Local Festivals Around the Year
\ \ \ AA BB
Recently Visited

Three Mountain Kings Festival

  • 25th of the 2nd month of the Lunar Calendar

    Most residents of Hong Kong migrated from the Mainland, and some even introduced the deities and beliefs from their ancestral home. The Three Mountain Kings are one of them. Currently about 6 temples in Hong Kong enshrine the Three Mountain Kings, with the Three Mountain Kings Temple at Ping Shek of Ngau Chi Wan enjoying the longest history. The Three Mountain King’s Festival on 25th of the 2nd Lunar Month attracts many members of the community to attend the god worshipping festival. A small bamboo-shed theatre is built outside the temple with 4 days of performances to entertain both men and deity.

  • Three Mountains and Kings

    Who are the Three Mountain Kings? The legends are many, but one of the more common stories goes like this: They were the three generals serving under Yang Jian, Emperor Wen of Sui Dynasty. They were named Lian Qinghua, Zhao Zhuzheng, and Qiao Huiwei, and were sworn brothers. Because of their many battle achievements, they were worshipped after death. In Song Dynasty, these three generals appeared as apparitions in Chao Zhou and helped the Emperor of Song Dynasty beat his enemies (there were different versions as to which Emperor it was). When the Emperor tried to thank them, they were disappeared; only three mountains were visible in the distance. The Emperor believed that they were incarnates of the Mountain Gods, and as such gave them the title “The Three Mountain Kings”. The three mountains were Du Mountain, Ming Mountain and Jin Mountain of Raoping County of Chao Zhou.

    The Hakkas were the first one who to bring this belief to Hong Kong from Chaozhou. They built a temple in Ngau Chi Wan Village in around the 18th Century, which enshrined only one of the kings (Rumour has it that it was the “Third King”). The temple was visited and worshipped by the communities of different origins nearby, and are still popular among believers today.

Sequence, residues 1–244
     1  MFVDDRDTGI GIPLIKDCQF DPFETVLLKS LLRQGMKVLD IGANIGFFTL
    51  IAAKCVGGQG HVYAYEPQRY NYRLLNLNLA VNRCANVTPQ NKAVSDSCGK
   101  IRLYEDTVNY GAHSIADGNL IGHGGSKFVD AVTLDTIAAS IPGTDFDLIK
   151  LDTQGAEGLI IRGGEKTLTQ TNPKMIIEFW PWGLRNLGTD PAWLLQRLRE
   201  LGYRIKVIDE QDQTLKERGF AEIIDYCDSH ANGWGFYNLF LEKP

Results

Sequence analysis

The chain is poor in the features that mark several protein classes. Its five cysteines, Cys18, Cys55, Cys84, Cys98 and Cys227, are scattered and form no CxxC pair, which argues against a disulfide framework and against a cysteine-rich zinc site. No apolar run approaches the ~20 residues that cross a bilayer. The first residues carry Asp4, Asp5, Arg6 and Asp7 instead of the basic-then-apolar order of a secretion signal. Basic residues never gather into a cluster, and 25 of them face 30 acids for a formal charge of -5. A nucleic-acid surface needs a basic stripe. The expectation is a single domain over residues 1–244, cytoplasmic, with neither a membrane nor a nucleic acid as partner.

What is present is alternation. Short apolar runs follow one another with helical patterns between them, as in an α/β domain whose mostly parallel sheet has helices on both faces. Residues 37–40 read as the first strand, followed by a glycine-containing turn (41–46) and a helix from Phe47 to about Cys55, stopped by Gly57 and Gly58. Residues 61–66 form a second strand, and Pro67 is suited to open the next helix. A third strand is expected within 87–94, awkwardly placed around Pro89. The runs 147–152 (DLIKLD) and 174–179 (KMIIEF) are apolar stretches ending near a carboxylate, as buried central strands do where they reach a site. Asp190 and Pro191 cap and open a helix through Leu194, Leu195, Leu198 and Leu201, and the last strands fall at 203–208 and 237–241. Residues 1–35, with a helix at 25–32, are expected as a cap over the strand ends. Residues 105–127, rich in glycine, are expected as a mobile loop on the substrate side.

• Ceremonies of the festival

    The temple used to be the gathering site for 13 villages in Kowloon. It is now independently managed by the Ngau Chi Wan Village. On 23rd to 26th of February each year, the Three Mountain Kings Temple Committee hires Cantonese opera troupes to perform god-worshipping plays lasting 4 nights and 3 days. Because of space constraints, the theatre can only be built at the open area beside the temple instead of facing directly the deities in the temple. A small shrine is therefore built on top of the audience stand upon which the statue of the “Third King” is placed. Incense offerings have to be kept throughout the performance in the shrine just as in the temple, to indicate reverence.

  • At 12 noon on the day of festival, the president of Three Mountain Kings Temple Committee, together with all committee members, offers incense and offerings to the deities, and chants invocations according to tradition. The invocation praises the gods as “Kings that command eternal respect” who “guards the people against evil”. It is apparent that the believers see the Three Mountain Kings as guardians.

  • After the ceremony, the members of the opera troupe enter the temple to perform three short regular plays for the gods, including “Birthday Greetings by the Eight Immortals” (《八仙賀壽》) , “Promotion in the Court” (《跳加官》) and “The Heavenly Maiden Offering a Son” (《天姬送子》), symbolizing blessings of good fortune, plentiful offspring and longevity. A senior committee member then casts divination blocks for each of the member, and uses the number of times that a sheng-bei (one block facing upwards, one facing downwards) is obtained to decide the candidate for the president and vice-president of the upcoming year. This method of election carries a more religious overtone than simple mutual voting.

  • [视频库视频: 130017a511f.mp4]
  • Bringing the neighbourhood together

    As the older generation passes on, the Three Mountain Kings Festival becomes less boisterous, and the Floral Tribute activities have faded out. But many residents of Ngau Chi Wan still come to offer incense and watch the God-worshipping plays. Even those that have moved out of the community would come back to worship the gods and gather with their family and friends. On the evening of the festival, some 30 tables were set in the open area behind the temple (with head and last tables), and chefs are hired to prepare on site a feast that the community would all enjoy. Given the space restrictions, many believers are unable to procure a seat, and for a time the banquet took the location of a restaurant. But the atmosphere was less rich than that in the vicinity of a temple.